Cuban Salsa: Al Cuello de Setenta
The move Al Cuello (around the neck) is a classic move done from Setenta (Hammerlock) and called Setenta al Cuello with left-2-right hands to the neck. There are several ways to exit the “around the neck” part, I show two versions below. Another Al Cuello done from the Yugo move (crossed Sombrero) with right-2-left hands to the neck, I will cover in its own tutorial.
My own version, I first learned from a dance teacher in Copenhagen, Frank E. He called it El Gato because the Lead “sneaks” in on the Follow. But it is a classic also taught, e.g. by dance schools in Santiago de Cuba as we are going to see below.
Setenta al Cuello
Video Clip #1 is from a Practica Training Session with me and Mona, Copenhagen, 2022.
Some Follows dislike Al Cuello because it is a little too Cuban: the move can be mistaken for groping, if the Lead is not up to the task of leading it properly. The “hands” in front of the Follow look easy, but you really must learn it first. Nine out of 10 Leads having learned Setenta al Cuello in class or workshop are never going to use it in social dancing. They don’t dare, too many things can go wrong!
Video Clip #2 is from from Cuba, January 2020, featuring Eric, a dance instructor from the “Sandunga Dance School” in Santiago de Cuba, and my dance partner, Mona, from Copenhagen. The exit is exactly like my “Frank E” version but Eric continues with a two-handed Vacilala, both hands held high.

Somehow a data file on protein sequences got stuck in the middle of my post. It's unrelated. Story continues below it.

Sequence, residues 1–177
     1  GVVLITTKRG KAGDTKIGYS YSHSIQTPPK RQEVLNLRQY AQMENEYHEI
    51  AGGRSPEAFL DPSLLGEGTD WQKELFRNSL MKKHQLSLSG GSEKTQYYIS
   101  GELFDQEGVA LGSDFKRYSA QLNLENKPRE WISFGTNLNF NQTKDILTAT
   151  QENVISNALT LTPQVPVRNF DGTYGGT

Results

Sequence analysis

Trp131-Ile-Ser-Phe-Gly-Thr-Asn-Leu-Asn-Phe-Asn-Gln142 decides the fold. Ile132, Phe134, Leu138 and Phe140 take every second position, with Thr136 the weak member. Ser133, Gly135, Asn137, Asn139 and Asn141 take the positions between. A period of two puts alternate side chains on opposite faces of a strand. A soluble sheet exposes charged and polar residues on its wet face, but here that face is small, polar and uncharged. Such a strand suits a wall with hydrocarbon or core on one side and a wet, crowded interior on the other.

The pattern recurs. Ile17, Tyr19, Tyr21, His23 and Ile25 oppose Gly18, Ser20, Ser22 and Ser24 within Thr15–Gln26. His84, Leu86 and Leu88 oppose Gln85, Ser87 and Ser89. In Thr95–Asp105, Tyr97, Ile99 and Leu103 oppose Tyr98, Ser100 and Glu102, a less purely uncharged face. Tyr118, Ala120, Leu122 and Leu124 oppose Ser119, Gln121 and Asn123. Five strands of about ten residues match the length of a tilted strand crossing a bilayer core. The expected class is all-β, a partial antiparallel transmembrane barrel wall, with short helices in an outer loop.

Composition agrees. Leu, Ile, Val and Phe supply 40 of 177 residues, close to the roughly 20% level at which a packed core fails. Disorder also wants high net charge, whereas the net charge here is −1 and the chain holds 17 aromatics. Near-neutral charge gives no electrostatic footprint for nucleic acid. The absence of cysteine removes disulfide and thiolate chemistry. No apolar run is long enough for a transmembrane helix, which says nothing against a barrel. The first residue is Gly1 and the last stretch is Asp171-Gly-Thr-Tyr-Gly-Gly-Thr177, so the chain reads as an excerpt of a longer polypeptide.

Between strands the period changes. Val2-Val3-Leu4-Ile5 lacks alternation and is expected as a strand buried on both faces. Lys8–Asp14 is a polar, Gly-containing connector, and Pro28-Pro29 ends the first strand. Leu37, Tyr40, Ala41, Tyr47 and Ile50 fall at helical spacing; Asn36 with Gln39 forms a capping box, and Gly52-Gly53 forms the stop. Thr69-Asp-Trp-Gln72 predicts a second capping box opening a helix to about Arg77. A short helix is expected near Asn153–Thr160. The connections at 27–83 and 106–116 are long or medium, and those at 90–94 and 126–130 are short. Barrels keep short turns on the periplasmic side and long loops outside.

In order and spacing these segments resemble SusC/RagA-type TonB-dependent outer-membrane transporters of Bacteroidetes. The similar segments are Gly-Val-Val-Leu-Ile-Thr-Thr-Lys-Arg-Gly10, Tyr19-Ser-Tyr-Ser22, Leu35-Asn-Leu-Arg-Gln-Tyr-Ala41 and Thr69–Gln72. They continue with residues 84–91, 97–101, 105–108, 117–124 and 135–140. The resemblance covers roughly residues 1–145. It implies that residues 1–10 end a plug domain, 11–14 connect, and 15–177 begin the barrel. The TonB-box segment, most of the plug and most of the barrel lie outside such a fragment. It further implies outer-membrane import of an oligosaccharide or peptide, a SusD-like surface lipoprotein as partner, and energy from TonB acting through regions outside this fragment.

“Video Clip #1” and “Video Clip #2” use the same method to exit the Al Cuello, only the Vacilala continuation is different.
Al Cuello con Gancho
Video Clip #3 is from “Grimaldidance”, Spain, 2020. I have added a “1/2 speed” section to the original video in order to make it more useful. I link to the original video below.
The “Grimaldi” version has a very different exit as compared to my and Eric’s version. In the “Grimaldi” version the Lead places the lifted arm behind his neck. This might be a way to get into a right arm Gancho but I find this version to be inferior to the “Vacilala” versions. To me, the “Grimaldi” version looks like what you end up with if you can’t remember the real thing.